Muscles Peters describes muscle soreness as one of the most common issues seen in weekend warriors. "Sore muscles develop from overexertion and the buildup of metabolic byproducts that, then, lead to inflammation within the tissues," he explains. "Unfit horses are especially prone to this occurrence.
"Severe muscle inflammation, or 'tying-up' (exertional rhabdomyolysis), in the weekend warrior can lead to muscle tissue damage and the release of myoglobin (the oxygen-transporting pigment of muscle tissue), which is then taken into the bloodstream and filtered through the kidneys," he continues. "Unfortunately, myoglobin in large amounts can be toxic to the kidneys and cause potentially fatal consequences."
Joints Horses that work hard infrequently commonly develop sore joints. "The front leg fetlock and coffin joints, as well as the hind leg hock joints can become sore in the unfit horse with overdone exercise," notes Peters. "The supporting soft tissues of the joint (ligaments, joint capsule, and synovium) become inflamed due to the repetitive nature of the exercise and the tissues not conditioned enough for the load. This leads to pain, heat, and swelling of these joints and resulting stiffness or lameness of gait.
Located at the end of a horse's thigh, the stifle corresponds most closely to a human's knee. And like human knees, stifles carry significant weight when a horse moves--even at a walk. Garcia-Lopez explains, "You have a 1,000-pound animal, but the amount of weight coming down on the joint is really 3,000 pounds. That joint is not supposed to do the job by itself. The tendons, ligaments, and lower back (lumbar area) and gluteal (butt) muscles are there to support the joint."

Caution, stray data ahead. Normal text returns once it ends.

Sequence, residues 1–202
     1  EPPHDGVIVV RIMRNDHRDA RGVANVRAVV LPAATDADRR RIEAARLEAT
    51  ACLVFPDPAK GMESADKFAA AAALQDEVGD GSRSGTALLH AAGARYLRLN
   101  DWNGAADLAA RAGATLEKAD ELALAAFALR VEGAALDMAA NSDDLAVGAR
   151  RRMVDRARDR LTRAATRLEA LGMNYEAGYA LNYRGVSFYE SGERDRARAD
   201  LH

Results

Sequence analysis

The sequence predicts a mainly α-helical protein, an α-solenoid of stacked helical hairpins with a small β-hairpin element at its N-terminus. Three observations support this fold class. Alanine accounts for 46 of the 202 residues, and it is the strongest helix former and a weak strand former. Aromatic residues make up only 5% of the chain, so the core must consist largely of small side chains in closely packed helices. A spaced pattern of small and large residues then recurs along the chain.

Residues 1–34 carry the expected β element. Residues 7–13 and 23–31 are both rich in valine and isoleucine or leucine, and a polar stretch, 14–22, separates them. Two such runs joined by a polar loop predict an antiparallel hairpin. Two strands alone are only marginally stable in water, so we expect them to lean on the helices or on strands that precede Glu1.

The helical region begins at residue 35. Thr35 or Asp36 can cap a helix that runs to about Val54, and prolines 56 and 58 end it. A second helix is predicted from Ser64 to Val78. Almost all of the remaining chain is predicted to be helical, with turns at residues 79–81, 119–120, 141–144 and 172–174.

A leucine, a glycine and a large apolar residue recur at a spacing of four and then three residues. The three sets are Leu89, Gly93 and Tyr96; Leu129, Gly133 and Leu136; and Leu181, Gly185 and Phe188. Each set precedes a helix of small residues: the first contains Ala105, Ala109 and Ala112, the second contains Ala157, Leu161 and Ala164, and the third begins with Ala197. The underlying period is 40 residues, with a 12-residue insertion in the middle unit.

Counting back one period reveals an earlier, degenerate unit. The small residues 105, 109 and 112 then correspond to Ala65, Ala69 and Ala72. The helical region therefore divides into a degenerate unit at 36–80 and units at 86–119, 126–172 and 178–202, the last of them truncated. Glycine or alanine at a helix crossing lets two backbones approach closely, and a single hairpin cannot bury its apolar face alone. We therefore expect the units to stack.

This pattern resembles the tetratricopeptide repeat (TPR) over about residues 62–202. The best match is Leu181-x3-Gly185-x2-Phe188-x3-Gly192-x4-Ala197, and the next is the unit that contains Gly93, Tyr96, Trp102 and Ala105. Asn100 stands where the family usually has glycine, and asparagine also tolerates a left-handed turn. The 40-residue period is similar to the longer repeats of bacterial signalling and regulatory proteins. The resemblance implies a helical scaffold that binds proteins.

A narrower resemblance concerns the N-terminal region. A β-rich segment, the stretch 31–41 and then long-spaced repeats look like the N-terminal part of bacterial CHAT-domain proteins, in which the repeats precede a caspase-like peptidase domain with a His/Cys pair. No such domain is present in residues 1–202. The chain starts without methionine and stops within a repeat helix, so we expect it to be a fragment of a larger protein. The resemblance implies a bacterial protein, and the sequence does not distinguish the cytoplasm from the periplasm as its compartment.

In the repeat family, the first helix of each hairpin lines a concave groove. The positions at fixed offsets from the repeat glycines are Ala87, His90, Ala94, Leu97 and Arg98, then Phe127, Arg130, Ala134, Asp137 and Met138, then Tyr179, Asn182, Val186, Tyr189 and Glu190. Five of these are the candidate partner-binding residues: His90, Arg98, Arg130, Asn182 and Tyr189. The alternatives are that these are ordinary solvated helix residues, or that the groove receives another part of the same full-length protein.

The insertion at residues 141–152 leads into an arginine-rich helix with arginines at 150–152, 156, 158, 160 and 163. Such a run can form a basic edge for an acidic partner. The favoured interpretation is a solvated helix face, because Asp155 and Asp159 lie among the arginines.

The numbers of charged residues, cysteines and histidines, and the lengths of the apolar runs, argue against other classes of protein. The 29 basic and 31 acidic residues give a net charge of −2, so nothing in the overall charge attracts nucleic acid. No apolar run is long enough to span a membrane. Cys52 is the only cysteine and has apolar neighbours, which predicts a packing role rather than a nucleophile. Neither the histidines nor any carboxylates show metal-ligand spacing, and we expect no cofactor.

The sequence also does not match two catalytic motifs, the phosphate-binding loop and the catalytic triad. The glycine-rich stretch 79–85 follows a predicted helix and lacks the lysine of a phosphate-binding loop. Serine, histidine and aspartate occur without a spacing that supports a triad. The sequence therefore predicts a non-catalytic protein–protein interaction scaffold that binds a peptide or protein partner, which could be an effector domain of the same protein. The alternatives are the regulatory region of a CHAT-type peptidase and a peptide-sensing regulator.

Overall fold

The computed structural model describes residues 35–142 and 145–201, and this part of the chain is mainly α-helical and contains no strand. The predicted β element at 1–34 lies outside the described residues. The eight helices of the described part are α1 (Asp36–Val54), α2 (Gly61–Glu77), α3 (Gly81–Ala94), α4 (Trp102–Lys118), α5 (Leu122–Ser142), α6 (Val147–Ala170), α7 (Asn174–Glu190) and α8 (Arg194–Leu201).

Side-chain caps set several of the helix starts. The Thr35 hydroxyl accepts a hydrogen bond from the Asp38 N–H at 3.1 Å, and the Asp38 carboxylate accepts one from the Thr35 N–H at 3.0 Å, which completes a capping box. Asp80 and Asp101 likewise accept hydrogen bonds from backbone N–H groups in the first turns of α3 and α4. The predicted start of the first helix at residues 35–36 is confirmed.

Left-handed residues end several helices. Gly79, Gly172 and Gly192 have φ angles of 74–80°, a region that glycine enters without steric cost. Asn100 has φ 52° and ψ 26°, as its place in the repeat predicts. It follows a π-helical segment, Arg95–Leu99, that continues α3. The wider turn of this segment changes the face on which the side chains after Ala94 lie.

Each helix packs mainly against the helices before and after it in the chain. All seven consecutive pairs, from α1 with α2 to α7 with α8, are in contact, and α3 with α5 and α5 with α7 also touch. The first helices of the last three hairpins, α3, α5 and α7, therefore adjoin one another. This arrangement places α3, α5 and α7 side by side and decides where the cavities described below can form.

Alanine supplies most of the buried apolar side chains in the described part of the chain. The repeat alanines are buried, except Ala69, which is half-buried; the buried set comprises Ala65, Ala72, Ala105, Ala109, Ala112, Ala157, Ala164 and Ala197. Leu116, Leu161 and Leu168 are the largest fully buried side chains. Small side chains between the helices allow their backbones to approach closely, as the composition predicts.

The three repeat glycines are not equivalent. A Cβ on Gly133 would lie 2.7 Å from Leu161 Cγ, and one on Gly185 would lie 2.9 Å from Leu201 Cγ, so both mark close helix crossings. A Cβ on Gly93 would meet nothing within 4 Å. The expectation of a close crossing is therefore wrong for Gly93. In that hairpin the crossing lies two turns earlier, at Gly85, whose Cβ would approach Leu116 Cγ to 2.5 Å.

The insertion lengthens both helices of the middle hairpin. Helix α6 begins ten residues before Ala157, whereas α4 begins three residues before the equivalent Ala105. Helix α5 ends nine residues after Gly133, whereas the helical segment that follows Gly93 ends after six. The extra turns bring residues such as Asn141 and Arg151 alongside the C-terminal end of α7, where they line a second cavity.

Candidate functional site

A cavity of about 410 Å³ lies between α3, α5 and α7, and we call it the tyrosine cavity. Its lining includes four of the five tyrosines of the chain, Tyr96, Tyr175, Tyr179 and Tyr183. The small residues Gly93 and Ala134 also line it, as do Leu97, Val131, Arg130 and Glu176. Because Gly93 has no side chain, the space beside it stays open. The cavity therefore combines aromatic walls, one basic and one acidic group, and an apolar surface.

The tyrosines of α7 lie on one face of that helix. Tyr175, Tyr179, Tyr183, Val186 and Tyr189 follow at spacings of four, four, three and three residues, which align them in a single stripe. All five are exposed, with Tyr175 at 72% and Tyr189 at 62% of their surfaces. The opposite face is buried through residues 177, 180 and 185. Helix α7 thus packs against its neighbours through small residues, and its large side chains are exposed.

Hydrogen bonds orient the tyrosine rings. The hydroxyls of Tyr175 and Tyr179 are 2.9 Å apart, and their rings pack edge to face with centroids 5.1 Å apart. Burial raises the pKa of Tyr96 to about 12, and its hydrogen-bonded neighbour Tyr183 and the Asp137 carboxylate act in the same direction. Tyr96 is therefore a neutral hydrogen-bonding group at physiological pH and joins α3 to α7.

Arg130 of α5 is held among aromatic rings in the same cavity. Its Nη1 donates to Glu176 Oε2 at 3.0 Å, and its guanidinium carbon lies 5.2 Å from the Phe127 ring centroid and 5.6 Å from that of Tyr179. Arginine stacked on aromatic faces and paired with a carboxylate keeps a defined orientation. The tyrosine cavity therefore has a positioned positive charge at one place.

Tendons and Ligaments When a horse's gluteal, lower back muscles, and other muscles are weak, the horse runs the risk of lameness due to bone inflammation and bruising. Likewise, when the ropelike soft tissue structures that connect muscles to bone (tendons) and bone to bone (ligaments) are overstressed, a horse is at risk for tendon and ligament tears. Tendons and ligaments tend to weaken and become prone to injury with repetitive overloading exercise. Over time, tiny tears can worsen to cause serious lameness issues in unfit horses.